In their vigilant quest to make more “livable” cities, urban planners have long held public transit to be the bell-weather of success. If your community has a good public transit system, then it is therefore livable. However, walkability is now trumping even transit as the gold standard.
Last week I presented at the National Governors Association Policy Academy on “Shaping a New approach to Transportation and Land Use Planning.” Many states still struggle with how to balance these two disciplines. Implementation is made all the more difficult by lack of coordination between state agencies: The state department of transportation usually takes the lead by default, leaving housing, environment and business development – among others – out of the mix.
Most speakers agreed on a common denominator that can unite planners across agencies, in all communities: building walkable communities. After all, whether you drive, take public transit, or ride a bike, most people begin and end their journey on foot.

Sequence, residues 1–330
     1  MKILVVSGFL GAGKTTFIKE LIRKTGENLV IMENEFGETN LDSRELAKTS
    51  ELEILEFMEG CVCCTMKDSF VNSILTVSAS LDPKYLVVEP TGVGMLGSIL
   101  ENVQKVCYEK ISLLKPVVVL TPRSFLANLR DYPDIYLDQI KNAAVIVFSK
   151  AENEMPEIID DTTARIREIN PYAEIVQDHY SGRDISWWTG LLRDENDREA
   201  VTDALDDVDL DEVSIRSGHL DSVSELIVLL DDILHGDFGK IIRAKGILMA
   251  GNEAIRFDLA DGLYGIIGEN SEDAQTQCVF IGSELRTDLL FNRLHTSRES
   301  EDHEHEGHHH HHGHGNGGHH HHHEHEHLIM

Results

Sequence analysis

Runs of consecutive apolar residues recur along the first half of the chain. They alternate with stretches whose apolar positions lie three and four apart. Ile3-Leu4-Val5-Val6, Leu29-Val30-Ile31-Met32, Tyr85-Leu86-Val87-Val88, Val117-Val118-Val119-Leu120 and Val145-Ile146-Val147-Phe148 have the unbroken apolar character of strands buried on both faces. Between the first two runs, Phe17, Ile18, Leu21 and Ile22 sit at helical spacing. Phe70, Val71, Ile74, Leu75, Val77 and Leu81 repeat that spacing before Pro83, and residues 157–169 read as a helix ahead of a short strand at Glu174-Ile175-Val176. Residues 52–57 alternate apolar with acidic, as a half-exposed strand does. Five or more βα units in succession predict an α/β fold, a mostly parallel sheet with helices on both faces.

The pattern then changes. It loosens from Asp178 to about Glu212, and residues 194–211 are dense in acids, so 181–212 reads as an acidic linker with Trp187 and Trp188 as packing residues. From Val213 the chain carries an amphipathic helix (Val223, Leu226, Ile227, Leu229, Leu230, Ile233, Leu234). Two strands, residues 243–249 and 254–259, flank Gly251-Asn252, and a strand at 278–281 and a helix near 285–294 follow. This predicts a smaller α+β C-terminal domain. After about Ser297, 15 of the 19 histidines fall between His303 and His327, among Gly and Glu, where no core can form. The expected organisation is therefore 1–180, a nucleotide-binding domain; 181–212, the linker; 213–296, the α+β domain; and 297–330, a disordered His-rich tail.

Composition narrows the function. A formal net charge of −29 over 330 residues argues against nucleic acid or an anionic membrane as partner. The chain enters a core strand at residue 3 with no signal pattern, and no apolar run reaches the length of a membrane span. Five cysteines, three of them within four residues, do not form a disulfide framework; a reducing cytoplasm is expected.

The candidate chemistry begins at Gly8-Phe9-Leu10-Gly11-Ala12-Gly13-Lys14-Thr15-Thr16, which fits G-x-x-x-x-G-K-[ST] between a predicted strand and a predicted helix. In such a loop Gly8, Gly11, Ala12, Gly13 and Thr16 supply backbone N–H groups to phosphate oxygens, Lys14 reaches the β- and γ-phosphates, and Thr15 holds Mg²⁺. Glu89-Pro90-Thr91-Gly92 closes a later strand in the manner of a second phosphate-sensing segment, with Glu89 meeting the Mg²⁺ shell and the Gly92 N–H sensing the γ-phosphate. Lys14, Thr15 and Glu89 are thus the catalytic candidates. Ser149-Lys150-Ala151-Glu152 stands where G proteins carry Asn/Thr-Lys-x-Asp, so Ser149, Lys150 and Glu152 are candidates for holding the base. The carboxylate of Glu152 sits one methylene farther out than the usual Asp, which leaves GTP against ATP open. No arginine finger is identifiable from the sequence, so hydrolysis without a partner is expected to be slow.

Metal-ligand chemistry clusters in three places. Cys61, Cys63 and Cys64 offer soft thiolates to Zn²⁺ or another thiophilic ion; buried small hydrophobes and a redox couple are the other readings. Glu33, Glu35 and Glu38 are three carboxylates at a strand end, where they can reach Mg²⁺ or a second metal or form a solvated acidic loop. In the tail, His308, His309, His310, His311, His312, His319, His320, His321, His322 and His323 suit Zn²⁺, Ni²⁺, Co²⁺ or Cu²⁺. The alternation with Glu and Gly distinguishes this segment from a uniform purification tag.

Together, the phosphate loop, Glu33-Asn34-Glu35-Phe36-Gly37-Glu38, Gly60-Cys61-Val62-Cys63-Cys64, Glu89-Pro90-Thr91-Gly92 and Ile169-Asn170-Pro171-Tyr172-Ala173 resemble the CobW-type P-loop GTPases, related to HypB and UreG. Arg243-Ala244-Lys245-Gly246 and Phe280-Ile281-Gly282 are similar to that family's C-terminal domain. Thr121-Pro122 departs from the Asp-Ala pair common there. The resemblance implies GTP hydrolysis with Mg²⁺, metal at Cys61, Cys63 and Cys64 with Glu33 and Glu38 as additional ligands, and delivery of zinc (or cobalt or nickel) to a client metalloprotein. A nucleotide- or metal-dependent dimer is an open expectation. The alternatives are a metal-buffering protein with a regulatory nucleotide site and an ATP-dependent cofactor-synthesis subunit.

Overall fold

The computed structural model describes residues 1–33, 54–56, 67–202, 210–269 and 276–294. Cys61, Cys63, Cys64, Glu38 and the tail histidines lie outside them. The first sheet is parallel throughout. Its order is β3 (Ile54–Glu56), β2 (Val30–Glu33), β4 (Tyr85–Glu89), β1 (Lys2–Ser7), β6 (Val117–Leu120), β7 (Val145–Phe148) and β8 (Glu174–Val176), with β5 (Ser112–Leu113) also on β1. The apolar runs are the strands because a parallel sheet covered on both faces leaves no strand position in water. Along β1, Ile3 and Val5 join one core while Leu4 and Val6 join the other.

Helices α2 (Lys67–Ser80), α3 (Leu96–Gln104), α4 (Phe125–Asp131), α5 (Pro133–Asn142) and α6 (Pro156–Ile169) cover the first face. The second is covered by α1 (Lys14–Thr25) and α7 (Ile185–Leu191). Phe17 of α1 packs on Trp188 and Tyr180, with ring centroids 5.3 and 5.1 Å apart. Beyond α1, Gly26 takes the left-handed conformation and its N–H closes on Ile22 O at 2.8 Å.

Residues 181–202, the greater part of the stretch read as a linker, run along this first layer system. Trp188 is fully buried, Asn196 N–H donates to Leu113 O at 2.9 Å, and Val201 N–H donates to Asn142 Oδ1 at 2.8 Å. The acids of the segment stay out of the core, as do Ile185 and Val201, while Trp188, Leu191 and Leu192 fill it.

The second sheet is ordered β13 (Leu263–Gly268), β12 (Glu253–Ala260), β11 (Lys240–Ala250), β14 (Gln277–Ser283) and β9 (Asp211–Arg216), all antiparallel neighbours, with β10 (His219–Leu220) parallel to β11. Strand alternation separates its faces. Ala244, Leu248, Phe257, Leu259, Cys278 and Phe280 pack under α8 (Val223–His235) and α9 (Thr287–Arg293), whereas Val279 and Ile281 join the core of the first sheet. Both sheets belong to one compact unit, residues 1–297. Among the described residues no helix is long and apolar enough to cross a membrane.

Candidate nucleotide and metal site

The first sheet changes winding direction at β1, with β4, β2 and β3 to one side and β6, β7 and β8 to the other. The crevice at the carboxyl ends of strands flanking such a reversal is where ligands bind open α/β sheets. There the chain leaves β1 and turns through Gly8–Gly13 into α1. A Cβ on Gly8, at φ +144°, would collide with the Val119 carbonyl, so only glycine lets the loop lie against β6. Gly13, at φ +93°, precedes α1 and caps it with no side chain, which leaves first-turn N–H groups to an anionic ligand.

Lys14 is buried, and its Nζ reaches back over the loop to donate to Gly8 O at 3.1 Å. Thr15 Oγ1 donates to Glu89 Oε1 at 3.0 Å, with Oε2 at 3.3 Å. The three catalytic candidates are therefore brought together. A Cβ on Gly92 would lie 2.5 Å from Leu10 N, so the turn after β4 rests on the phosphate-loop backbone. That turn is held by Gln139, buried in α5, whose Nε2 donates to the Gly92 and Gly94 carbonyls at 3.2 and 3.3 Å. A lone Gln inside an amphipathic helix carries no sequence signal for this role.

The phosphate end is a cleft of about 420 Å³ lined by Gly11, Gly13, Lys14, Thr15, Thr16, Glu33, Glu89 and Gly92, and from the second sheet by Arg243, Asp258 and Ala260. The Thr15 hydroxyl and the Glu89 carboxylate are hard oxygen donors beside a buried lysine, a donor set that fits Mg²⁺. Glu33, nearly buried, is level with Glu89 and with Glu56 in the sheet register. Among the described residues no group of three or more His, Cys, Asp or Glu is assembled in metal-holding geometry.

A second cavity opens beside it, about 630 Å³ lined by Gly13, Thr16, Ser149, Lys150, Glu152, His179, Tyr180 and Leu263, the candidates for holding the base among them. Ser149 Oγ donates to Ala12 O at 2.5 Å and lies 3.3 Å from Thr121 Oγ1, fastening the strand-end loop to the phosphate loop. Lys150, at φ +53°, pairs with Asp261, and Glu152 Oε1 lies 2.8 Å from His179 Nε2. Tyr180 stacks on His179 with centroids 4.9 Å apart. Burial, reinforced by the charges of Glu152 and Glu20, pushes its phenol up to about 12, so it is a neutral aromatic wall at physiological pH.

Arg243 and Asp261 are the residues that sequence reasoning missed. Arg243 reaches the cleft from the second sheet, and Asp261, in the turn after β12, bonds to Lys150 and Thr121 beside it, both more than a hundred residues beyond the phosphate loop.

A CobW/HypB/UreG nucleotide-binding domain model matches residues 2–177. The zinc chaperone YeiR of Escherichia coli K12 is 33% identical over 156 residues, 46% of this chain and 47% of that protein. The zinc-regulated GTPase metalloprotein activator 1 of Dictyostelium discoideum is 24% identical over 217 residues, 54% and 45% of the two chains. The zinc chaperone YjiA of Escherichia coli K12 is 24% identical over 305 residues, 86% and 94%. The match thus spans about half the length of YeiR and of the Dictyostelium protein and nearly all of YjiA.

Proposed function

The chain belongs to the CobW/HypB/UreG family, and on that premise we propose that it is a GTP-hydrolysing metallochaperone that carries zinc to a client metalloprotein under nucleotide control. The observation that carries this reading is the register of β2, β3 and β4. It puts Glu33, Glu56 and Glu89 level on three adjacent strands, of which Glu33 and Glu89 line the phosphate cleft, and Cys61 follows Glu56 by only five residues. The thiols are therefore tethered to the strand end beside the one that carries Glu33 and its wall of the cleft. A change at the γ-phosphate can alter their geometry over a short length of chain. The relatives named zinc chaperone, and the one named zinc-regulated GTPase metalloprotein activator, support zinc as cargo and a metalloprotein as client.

The cities that focus on walkability, and really get it right, will be the ones to succeed in the future. Here’s more grist for the mill:
- Copenhagen has been at it for 30 years, making incremental changes over time and slowly transforming the city and its people. Today, fully 60 percent of commuters ride their bikes or take transit – but they all begin with walking.
- CEOs for Cities recently released Walking the Walk, which correlated higher real-estate values in 15 U.S. markets with more walkable communities, demonstrating greater demand for pedestrian-friendly homes. In fact the number of single-person households has increased by 50 percent in the last 30 years, while families with children have declined by nearly a half. These new American households desire dense walkable communities in which to live.
- Chicago is embarking on its own pedestrian plan, building off the work of the Mayor’s Pedestrian Advisory Council. There is growing awareness that for Chicago to really succeed, it needs to become the most walkable city it can be.
Transit, affordable housing, and good schools remain vital components of sustainable communities. But a healthy pedestrian environment heralds so much more than an active life style – it marks a livable, successful 21st Century city.
Interested in learning more? On April 21, MPC is hosting Talking the Walk: The Importance of Pedestrian Friendly Public Spaces. This lunch roundtable will feature Sam Schwartz of Sam Schwartz Engineering, John Tolva from IBM, and Joe Gonzalez from DeStefano + Partners. Seating is limited, so register now!